Review: Sextet (Tarragon Theatre)


The Tarragon Theatre presents Morris Panych’s consistently crisp and clever play Sextet in Toronto

Morris Panych’s Sextet (at the Tarragon Theatre) starts as a love letter to the Awful British Sex Farce — the kind of play  where half-naked women run in and out of hotel rooms and everyone has sex with everyone else’s wives — but that’s just the playwright luring you in. His story of a string sextet trapped in a suburban motel by a blizzard runs much deeper, exploring identity, repression and neurosis, and how all three interact with relationships, both romantic and sexual. Over the course of a night and a day, conversations lead to confessions, confidences lead to doubts, frictions lead to orgasms — and it’s not entirely clear that every member of the sextet will survive to see the concert.

Panych, as playwright and director, has crafted six characters who are nasty: to various degrees unloveable, selfish, deluded and narcissistic — yet all six characters are imbued with genuine warmth, and this warmth is what drew me into the story. The all-star cast helps, with Rebecca Northan and Damien Atkins doing especially heavy lifting. Northan’s tough-cookie second violinist will grow on you in a tremendous way, both the antagonist and hero of the piece, while Atkins — serving, one suspects, as a Panych insert — is the closest we get to a narrator, a twitchy closet case who perfectly straddles the extremely thin line between sympathetic and distasteful.

Ken MacDonald’s set is a particular accomplishment, assisted considerably by Kimberly Purtell’s lighting: the walls never move an inch, yet Panych can make those rooms grow and shrink at will, from claustrophic closets right to gaping expanses that swallow people right up. Later scenes set in the blizzard, by the pool, and inside a Schoenberg chamber piece (just go along with me on this, okay?) are just as interesting to watch, and equally evocative in design and execution.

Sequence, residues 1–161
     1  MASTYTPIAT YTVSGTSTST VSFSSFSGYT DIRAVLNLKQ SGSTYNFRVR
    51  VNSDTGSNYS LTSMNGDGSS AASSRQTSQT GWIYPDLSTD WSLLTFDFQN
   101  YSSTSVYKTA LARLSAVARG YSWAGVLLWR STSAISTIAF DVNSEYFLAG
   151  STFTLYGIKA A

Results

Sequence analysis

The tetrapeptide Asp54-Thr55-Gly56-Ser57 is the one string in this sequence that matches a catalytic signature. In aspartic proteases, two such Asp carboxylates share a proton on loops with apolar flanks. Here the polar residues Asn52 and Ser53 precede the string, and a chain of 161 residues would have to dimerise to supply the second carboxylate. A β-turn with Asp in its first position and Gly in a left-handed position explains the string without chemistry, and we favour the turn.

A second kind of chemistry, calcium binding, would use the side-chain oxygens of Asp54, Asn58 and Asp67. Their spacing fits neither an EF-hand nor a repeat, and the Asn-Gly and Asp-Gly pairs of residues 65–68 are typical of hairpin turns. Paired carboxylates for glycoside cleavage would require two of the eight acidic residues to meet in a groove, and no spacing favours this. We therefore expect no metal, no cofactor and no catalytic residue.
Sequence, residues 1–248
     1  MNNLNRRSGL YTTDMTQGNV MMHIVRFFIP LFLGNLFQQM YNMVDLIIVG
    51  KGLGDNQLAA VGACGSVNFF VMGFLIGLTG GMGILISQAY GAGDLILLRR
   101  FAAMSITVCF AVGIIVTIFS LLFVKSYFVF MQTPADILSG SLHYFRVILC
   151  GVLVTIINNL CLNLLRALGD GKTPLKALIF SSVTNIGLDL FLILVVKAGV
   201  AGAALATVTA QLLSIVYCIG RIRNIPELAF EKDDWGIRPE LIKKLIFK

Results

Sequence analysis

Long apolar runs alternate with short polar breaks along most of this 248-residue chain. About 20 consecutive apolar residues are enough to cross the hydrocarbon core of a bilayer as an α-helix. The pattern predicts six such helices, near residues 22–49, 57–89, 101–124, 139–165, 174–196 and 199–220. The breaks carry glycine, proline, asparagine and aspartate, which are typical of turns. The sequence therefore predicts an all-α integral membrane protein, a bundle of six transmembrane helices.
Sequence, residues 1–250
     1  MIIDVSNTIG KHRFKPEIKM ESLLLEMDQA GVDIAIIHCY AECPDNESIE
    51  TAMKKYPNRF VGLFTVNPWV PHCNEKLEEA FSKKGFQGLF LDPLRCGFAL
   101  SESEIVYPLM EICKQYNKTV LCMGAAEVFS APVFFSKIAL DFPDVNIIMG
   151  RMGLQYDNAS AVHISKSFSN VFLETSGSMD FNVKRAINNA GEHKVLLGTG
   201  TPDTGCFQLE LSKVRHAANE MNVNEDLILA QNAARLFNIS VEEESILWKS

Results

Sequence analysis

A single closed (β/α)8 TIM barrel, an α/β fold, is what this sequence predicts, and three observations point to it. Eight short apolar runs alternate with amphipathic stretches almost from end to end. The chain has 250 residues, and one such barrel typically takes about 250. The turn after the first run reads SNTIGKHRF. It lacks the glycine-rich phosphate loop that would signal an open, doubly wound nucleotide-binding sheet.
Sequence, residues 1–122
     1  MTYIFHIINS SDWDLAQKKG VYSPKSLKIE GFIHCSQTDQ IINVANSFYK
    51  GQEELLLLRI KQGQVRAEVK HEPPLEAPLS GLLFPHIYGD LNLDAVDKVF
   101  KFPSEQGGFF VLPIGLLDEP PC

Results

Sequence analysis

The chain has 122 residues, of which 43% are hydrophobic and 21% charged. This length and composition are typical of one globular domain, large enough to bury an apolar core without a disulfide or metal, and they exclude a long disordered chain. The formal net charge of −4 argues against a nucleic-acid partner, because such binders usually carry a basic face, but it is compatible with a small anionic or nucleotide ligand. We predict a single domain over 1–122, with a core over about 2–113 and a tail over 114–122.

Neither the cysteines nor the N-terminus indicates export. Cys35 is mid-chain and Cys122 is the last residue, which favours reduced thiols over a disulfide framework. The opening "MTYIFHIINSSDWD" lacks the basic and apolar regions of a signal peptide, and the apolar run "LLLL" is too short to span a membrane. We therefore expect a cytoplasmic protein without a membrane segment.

The writing is consistently crisp and clever, but over the course of 90 minutes, I found this wearing thin: the plot takes a good long while to really get going, and the ending takes about as long to crank down. There are some solid belly-laughs, and some interesting observations about obsession and desire — sexual, personal, professional and material — but this is also one of the piece’s speed bumps: at several points, it feels like the actors are leaning in, inviting us to hear a secret. The secret to love, to religion, to music, to life itself. This secret will be so important, and so enriching, that a lighting change is called for.

And the trouble is that, after all that buildup, my reaction to the secret itself was usually along the lines of “…that’s it?” These observations aren’t objectionable, but they’re the sorts of things you might find in a fortune cookie, or on a poster featuring a cat. I may just be too cynical for this to work on me, but I expected more.

All of this being said, I had a marvellous time: this is an amazing cast — can I blubber for a minute about how much I adored Laura Condlln’s second cellist, or Bruce Dow’s eccentric old biddy? — and even though the pacing wobbles a little, the material is crisp and fresh throughout. This isn’t Panych’s best work, but not-his-best Panych is still head and shoulders above most other playwrights and directors, and you won’t regret spending an hour and a half trapped in a shitty motel with this Sextet.


  • Sextet plays through December 14th at the Tarragon Theatre Mainspace. (30 Bridgman Ave., near Bathurst and Dupont)
  • Tickets are $55; discounts are available for students and seniors, see website for details.
  • Tickets can be purchased online, by telephone (416-531-1827), or in-person at the box office.
  • Be aware that this is a general-admission production. Arrive early for best seats.
  • This show includes brief nudity and frank treatment of human sexuality.

Photograph of Laura Condlln (seated) and Jordan Pettle by Cylla von Tiedemann.